The representatives of weaker sex want no longer to be housewives, and all the louder state that the place of women is in parliament. According to the electoral law, gender quota in party lists is provided for them. Every third candidate should be exactly a woman.
If this rule is not observed, the CEC will refuse to register the list of parties. Therefore, leaders of political organizations are stuffing women into the lists. But, in practice, as soon as the party reaches the parliament, the lists begin to reshuffle.
The party bosses simply push out the representatives of the beautiful half of humanity out of the parliament, in order to vacate seats for more influential party members, who spent a lot of money for being at the top.
Suffice it to recall, as Natalia Nikitenko, Shirin Aitmatov and Gulasal Sadyrbaev tried to marry off to civil service in the department. The first was strongly suggested various ministerial posts, vice speakership in Bishkek City Council. Aitmatov was to refer to head the embassy in the Benelux countries, and Sadyrbaeva - to define in some quiet place, away from the legislative branch. The same Saidulla Nyshanov appeared in the parliament instead of quiet and shy Gulniza Beyshenbaeva, who worked as a deputy at least for a month. Recall, she came next on the list instead of Ravshan Sabirov, who became the Minister of Social Development, who was later convicted of bribery and deprived of not only position, but also freedom.
However, Nikitenko, Sadyrbaeva and Aitmatova didn't fall for promises of career management, and kept mandates. But Kamila Talieva and Gulnara Asymbekova, preferring bird in the bush, were left without bird in the hand.
Damira Niyazalieva was sent to the post of Vice Prime Minister. Last year, her chairmanship of the committee on social policy in SDPK faction caused wrangles. Exactly Niyazalieva's party fellows rushed to collect signatures for her early retirement from the post. As soon as she became a member of the Cabinet, ostentatious calm and unanimity reigned in the fraction. A man - Nurbek Kasymbekov came instead of Niyazalieva.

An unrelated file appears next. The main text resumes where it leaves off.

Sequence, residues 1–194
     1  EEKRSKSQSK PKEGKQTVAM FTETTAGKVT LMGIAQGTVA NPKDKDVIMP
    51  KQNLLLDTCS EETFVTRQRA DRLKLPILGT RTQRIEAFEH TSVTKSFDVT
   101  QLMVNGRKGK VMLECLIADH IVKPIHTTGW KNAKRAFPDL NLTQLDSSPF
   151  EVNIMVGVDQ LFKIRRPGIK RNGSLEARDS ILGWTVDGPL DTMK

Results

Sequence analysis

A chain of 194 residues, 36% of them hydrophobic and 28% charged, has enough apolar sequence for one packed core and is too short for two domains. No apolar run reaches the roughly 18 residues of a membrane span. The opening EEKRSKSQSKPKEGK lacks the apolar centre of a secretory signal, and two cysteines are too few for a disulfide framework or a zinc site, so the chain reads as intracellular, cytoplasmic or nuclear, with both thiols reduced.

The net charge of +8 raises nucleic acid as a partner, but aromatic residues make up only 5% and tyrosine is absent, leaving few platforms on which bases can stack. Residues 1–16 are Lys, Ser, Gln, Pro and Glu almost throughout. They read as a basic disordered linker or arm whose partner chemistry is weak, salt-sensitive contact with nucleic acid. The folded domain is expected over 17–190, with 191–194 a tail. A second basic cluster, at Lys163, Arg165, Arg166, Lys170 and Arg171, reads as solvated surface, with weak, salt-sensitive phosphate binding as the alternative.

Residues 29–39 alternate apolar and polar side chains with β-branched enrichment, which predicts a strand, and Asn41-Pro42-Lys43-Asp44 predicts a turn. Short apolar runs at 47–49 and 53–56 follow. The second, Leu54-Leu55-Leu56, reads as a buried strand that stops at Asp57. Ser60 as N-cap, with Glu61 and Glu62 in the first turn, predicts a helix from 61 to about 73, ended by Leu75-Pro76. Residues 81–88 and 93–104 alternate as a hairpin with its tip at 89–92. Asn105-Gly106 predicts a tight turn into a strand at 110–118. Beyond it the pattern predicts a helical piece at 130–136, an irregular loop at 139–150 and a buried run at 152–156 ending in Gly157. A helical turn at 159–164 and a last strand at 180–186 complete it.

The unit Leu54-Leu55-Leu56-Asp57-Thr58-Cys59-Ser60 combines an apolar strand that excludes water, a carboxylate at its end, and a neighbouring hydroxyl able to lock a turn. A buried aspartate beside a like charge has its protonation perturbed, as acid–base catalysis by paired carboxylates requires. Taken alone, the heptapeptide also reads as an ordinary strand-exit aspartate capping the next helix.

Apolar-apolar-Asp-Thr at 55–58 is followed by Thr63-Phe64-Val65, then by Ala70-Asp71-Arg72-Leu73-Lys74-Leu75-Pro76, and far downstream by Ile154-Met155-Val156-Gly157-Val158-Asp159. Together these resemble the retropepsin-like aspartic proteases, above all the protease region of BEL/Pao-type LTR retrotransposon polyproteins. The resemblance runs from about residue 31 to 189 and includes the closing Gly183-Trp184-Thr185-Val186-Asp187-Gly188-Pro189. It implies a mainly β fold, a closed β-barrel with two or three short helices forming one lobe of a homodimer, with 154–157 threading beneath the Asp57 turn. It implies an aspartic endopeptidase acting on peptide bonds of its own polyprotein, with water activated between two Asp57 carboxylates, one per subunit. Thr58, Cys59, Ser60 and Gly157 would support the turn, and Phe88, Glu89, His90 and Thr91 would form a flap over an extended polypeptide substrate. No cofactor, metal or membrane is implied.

In the elections of 2015 women decided to take into account the sad experience of their predecessors and not to allow men to juggle with their positions in the list. "Women's quota in the election of councils of all levels is not maintained," the deputy of Kadamzhay local council Erkaim Sadykova stated.
According to her, for example, there are no women in Ata Meken faction in Bishkek City Council, which has seven mandates. "This practice develops everywhere. That's why we teamed up in the Women's Democracy Network and work on the ground," she said.
She was supported by another activist - Cholpon Turdalieva. She added that gender quotas allow women to actively participate in politics and offers to gain sufficient critical number of women in the Parliament in order the fairer sex representatives to be no less than 30 percent. "And if a woman-deputy leaves the parliament, then in return another woman should come on the list," she said.
Thus, as ladies think, one can ensure the presence of required by law number of women in the highest legislative body of the country.
The head of the OSCE centre in Bishkek Sergey Kapinos speaks about the fact that gender balance in political life is necessary not only to improve representation, accountability and quality of democracy, but also to provide a major impact on the process of adoption and implementation of political and other decisions, often with fateful value.
According to him, the gender dimension is particularly important in the context of a large-scale labor migration, which has led to social disparities, in these conditions the potential of women is not fully engaged. "Increasing the involvement of women in the ranks of law enforcement agencies significantly contribute to effective response to such threats as extremism and human trafficking. From the advanced experience of some countries, we know that increase in women's participation in the legislative process has contributed to solution of social problems, which represent the essential factors of stability and security in society," Sergey Kapinos said.
He recommended the Parliament of the Kyrgyz Republic to do everything possible to save quotas for the upcoming elections.
But, frankly speaking, there is little chance that men-deputies will be imbued with "women's issue". Amendments to the election legislation have been adopted, and Almazbek Atambayev has approved them. There are no "soft" lists and willful quota increase. That is, if a leader of a faction is able to put pressure on a woman and force her to hand over the mandate, there won't be a guarantee that another woman will come instead of her. Thus, the gender balance is again shaken up. Now only 20 percent of women are in the parliament, instead of thirty, required by law.